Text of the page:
Next time you order something from Postmates, a robot might greet you at the doorstep. The San Francisco on-demand delivery firm today unveiled Serve, a four-wheeled delivery rover that’s capable of autonomously navigating sidewalks and city streets. It’s the first commercial product from Postmates new research and development lab, Postmates X, and comes as Postmates reveals that it’s now averaging 4 million deliveries each month in 550 cities. Serve’s bright, colorful, and LED-laden exterior belie its complex internals. The meter-high robot packs a suite of sensors including RGB cameras, sonar, time-of-flight sensors, GPS, and a lidar sensor supplied by Velodyne, plus a control panel with a “Help” button, a video chat display, and a touchscreen. Nvidia’s Xavier platform powers the little guy, and its electric motors carry up to 50 pounds for 25 miles on a charge — enough to make a dozen deliveries per day, by Postmates’ estimation. It’s mostly driverless, but Serve’s progress is overseen remotely by a team of human pilots ready to take control in the event of a problem. And to ensure it operates within San Francisco’s newly enacted delivery robot rules, which limit companies to three robots each capped at a speed of three miles per hour, Postmates said it’s soliciting a permit from the City. At the start, in municipalities where Serve will be deployed in the next year (including Toronto and Los Angeles), it’ll fulfill direct deliveries to customers. (A top hatch conceals a cargo compartment that’s unlocked with the Postmates phone app or a passcode.) But it can also deliver food from restaurants to dispatch hubs in congested neighborhoods, Postmates says, from where delivery people can take packages the last mile. With the rollout of Serve, Postmates enters a lucrative autonomous delivery market filled with well-funded startups like Marble, Starship Technologies, Boxbot, Dispatch, and Robby, to name a few. (Postmates previously partnered with Starship to pilot delivery robots.) The McKinsey Institute forecasts, in fact, that driverless rovers like Serve will make up 85 percent of last-mile deliveries by 2025. And that’s not to mention companies like Nuro, which teamed up with grocery giant Kroger for self-driving grocery deliveries in the U.S. this summer; Robomart which recently announced plans to test its driverless grocery store on wheels; Udelv, which partnered with Farmstead grocery chains in Oklahoma City to transport perishables to customers’ doorsteps; and Ford, which is collaborating with Postmates to deliver items from Walmart stores in Miami-Dade County. But Ali Kashani, Postmates’ vice president of robotics at Postmates, envisions Serve as more than just a delivery robot. It could one day deliver medication, patrol neighborhoods, and help to eliminate food waste, he told Wired in an interview. “Somehow, as a society, we are OK with the fact that we are moving a two-pound burrito with a two-ton car,” Kashani said.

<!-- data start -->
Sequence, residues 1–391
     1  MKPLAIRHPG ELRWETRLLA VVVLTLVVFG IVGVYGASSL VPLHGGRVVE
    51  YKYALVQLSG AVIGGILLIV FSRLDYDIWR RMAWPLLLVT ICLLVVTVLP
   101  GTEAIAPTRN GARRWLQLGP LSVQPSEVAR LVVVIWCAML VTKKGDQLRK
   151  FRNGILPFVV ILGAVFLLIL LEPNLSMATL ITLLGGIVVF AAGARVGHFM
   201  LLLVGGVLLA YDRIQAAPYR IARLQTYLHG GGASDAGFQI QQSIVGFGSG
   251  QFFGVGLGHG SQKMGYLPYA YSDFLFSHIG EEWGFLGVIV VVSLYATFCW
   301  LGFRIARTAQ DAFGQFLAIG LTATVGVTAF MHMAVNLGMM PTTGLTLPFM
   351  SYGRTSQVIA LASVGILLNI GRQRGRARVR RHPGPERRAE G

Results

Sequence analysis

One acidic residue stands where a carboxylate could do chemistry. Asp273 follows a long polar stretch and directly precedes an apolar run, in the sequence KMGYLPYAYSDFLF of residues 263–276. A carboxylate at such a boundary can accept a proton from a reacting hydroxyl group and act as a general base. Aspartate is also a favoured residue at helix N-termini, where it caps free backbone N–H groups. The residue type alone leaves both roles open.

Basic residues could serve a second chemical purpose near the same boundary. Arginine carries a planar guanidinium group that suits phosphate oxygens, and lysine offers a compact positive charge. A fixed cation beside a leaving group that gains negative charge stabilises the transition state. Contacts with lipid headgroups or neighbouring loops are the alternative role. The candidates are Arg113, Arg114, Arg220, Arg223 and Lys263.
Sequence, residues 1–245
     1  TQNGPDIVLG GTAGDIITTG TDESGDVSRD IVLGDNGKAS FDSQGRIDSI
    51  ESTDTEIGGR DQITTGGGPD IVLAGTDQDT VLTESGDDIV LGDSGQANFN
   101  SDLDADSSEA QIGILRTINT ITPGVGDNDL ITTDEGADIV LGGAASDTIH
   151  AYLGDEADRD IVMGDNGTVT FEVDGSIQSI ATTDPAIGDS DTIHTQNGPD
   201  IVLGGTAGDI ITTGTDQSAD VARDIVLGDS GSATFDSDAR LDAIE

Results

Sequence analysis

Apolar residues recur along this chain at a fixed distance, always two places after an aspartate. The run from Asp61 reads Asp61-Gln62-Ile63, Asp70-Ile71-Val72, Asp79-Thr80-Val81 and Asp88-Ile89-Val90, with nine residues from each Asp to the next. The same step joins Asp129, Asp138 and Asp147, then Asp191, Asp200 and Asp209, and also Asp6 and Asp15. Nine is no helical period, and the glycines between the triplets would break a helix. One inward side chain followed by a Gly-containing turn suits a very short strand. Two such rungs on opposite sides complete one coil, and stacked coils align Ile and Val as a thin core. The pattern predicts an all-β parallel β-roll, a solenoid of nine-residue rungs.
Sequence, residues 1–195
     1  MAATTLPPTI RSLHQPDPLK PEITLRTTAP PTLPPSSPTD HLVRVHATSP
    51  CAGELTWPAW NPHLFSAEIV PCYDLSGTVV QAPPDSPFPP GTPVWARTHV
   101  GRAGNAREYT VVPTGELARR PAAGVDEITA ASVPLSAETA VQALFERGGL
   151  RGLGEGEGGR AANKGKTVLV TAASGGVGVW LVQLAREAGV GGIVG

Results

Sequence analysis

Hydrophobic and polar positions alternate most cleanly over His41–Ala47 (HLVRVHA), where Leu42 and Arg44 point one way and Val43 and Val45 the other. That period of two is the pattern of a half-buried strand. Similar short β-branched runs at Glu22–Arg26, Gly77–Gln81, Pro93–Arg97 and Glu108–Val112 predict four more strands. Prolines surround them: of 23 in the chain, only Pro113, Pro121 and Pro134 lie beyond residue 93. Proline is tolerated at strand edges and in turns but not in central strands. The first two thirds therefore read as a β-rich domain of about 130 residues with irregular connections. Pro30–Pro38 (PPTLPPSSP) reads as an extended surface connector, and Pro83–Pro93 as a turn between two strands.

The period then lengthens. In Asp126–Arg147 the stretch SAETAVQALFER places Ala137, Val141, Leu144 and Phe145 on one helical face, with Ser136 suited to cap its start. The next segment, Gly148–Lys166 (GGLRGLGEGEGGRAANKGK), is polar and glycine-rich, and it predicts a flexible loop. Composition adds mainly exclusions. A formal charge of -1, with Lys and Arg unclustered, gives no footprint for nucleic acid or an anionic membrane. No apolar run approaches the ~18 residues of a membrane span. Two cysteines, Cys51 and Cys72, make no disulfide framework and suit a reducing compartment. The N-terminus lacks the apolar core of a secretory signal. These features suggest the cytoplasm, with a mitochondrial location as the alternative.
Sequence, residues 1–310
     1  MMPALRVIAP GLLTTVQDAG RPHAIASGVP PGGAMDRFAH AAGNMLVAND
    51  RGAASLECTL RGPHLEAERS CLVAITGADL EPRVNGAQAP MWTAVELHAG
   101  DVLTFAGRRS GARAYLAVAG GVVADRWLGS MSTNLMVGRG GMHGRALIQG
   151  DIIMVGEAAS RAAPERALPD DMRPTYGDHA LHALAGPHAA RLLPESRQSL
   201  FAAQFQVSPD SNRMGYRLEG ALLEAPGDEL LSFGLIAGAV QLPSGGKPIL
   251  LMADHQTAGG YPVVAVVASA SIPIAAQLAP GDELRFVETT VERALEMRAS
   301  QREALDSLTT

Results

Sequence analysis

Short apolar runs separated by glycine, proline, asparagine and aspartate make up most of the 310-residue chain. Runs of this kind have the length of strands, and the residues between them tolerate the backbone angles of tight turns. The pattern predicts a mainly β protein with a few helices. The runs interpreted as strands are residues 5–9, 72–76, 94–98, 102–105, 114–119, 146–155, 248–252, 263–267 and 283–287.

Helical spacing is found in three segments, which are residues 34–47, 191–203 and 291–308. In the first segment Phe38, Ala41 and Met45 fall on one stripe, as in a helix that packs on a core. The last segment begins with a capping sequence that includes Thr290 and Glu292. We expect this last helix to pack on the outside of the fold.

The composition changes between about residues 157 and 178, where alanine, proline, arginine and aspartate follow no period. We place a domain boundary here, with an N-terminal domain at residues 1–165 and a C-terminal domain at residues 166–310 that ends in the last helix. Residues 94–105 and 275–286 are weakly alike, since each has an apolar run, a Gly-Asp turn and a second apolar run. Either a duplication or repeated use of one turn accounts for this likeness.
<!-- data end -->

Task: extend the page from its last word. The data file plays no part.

Post a Comment